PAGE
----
Monday, March 29, 2010

DevOps - Operations to Developers

This is part 2 in a general set of discussions on DevOps. Part 1 is here

I have a general rule I've lived by that has served me well and it's NSFW. I learned it in these exact words from a manager many years ago:

"Don't f*** with production"

Production is sacrosanct. You can dick around with anything else but if it's critical to business operations, don't mess with it without good reason and without an audit trail. There is nothing more frustrating than trying to diagnose an outage because someone did something they THOUGHT was irrelevant (like a DNS change - I speak from experience) and causing a two hour outage of a critical system. It's even more frustrating when there's no audit trail of WHAT was done so that it can be undone. Meanwhile, you've got 20 different concerned parties calling you every five minutes asking "are we there yet?". How much development work would get done if you operated under the same interrupt driven environment?

Change Control
Yes, it's a hassle and boring and not very rockstar but it's not only critical but sometimes it's the law.

Side note: I pretty much hate meetings in general but they do serve a purpose. My main frustration is that meetings take away time where work could actually be getting done. They always devolve into a glorified gossip session. What should have taken 15 minutes to discuss ends up taking an hour as conversations that started while waiting for that last person to show up carry over into meeting proper. Sadly the person who is late is usually Red Leader and we can't seem to stay on target. Everyone has something they would rather be doing and usually it's something that will actually accomplish something rather than the stupid meeting.

The exception for me, has always been change control meetings. I typically enjoy those because that's when things happen. We're finally going to release your cool new feature into production that you've spent a month developing and fine tuning. Of course, this is when we find out that you neglected to mention that you needed firewall rules to go along with it. This is when we find out exactly what that new table is going to be used for and that we MIGHT want to put it in its own bufferpool. All of the things you didn't think of?We bring them to the surface in these meetings because these are pain points we've seen in the past. We think of these things.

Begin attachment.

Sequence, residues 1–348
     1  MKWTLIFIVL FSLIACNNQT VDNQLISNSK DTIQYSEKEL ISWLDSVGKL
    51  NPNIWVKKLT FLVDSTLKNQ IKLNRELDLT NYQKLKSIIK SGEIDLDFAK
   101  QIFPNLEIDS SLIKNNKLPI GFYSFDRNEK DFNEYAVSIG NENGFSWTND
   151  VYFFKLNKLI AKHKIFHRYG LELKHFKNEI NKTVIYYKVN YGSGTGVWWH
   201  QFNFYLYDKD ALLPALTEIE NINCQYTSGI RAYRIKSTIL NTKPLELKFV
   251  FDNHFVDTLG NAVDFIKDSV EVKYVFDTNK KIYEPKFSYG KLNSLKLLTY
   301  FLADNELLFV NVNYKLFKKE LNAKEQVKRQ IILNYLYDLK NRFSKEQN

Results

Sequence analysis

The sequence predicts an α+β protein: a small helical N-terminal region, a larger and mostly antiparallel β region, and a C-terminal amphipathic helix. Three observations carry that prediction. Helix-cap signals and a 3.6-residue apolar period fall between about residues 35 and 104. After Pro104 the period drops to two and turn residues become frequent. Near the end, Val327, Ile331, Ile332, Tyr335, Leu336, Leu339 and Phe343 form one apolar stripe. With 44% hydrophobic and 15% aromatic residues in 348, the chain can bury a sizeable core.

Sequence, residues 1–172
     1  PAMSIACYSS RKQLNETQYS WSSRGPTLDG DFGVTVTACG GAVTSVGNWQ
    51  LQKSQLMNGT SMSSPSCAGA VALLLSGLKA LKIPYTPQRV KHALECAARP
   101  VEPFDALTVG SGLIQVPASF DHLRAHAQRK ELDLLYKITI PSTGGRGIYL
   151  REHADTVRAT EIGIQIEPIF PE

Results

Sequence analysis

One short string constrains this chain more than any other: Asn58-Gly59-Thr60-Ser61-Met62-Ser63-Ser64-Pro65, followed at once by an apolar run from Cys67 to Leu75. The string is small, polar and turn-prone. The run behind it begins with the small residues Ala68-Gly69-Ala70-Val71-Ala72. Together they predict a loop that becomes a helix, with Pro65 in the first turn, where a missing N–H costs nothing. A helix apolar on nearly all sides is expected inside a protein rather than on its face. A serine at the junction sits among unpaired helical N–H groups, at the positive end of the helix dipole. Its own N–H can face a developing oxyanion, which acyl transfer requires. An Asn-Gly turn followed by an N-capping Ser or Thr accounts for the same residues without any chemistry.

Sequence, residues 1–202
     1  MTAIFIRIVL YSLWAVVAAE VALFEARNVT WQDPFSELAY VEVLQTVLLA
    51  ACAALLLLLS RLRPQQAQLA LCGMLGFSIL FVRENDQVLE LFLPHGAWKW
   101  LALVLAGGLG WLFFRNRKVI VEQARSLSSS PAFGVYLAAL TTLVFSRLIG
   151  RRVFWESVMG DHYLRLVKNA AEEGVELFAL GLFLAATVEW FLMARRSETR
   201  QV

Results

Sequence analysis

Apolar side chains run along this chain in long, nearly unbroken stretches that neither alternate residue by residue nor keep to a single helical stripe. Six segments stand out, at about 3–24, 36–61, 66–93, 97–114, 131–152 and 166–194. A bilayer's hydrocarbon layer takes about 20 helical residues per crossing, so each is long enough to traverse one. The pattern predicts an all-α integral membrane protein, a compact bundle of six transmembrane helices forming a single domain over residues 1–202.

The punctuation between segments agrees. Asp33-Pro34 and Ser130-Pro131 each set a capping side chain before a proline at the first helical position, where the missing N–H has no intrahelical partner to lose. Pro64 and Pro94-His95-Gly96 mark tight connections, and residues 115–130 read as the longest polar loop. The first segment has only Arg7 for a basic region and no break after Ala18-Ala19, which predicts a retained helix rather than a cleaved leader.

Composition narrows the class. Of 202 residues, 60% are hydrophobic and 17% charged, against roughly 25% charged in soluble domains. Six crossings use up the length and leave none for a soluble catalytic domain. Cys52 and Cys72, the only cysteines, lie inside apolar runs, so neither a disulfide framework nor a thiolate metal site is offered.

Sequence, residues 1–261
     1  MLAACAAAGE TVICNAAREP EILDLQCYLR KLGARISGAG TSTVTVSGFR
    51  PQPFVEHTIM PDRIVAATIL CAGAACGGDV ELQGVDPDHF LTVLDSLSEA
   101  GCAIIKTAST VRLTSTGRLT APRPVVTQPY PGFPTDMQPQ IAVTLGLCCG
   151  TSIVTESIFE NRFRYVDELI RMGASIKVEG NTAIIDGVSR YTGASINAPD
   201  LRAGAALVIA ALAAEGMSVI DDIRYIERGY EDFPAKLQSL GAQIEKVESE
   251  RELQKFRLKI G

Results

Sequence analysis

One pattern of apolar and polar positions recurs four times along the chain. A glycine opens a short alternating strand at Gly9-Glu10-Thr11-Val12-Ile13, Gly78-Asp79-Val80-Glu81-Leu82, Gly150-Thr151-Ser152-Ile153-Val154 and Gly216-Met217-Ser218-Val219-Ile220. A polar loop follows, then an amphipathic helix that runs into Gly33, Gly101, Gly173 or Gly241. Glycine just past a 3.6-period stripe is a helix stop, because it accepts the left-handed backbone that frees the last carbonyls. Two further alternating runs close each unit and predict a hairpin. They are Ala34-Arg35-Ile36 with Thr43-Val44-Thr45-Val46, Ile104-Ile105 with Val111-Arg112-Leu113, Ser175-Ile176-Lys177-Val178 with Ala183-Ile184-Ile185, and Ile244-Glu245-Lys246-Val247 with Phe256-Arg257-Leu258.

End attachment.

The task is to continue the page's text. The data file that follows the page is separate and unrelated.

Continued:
As mentioned in production, typically we don't have the benefit of looking over changes in source control. We can't check a physical object into SVN. Sure, there are amazing products like Puppet and Cfengine that make managing server configurations easier. We have applications that can track changes. We have applications that map our switch ports but it's simply not that easy for us to track down what changed.

Your application is encapsulated in that way. You know what changed, who changed it and (with appropriate comments) WHY it was changed.

Meanwhile a DNS change may have happened, a VLAN change, a DAS name it. Production isn't just your application. It's all the moving parts underneath that power it. That application that you developed that is tested on a single server doesn't always account for the database being on a different machine or the firewall rules associated with it.

Yes, we'd love to have a preproduction environment that mimics production but that's not always an option. We have to have an audit trail. Things have to be repeatable. So no, we can't just change a line in a jsp for you to fix a bug that didn't get caught in testing. It would take us longer to do that on 10 servers than if we just pushed a new build.

Outages are bad, mmkay? You probably won't lose your job over a bug but I've had to deal with someone being fired because he didn't follow the process and caused an outage. It sucks but we're the one who gets the phone call at 2AM when something is amiss.

And even AFTER the outage, we have to fill out Root Cause Analysis reports sometimes after being up for 24 hours straight fixing a serious issue. You can either write a unit test for a bit of code or you can keep fixing the same bug after every release. We'd prefer you write the unit test, personally.

I know all of these things make us look like a slow, unmoving beast. I know you hate sitting in meeting after meeting explaining that the bug will be fixed just as soon as ops pushes the code. I know that we get pissy and blame you for everything that goes wrong with an application. We're sorry. We're just running on 2 hours of sleep in three days getting the new hardware installed for your application that someone thinks has to go online yesterday. Meanwhile, we're dealing with a full disk on this server and a flaky network connection on another. Cut us some slack.

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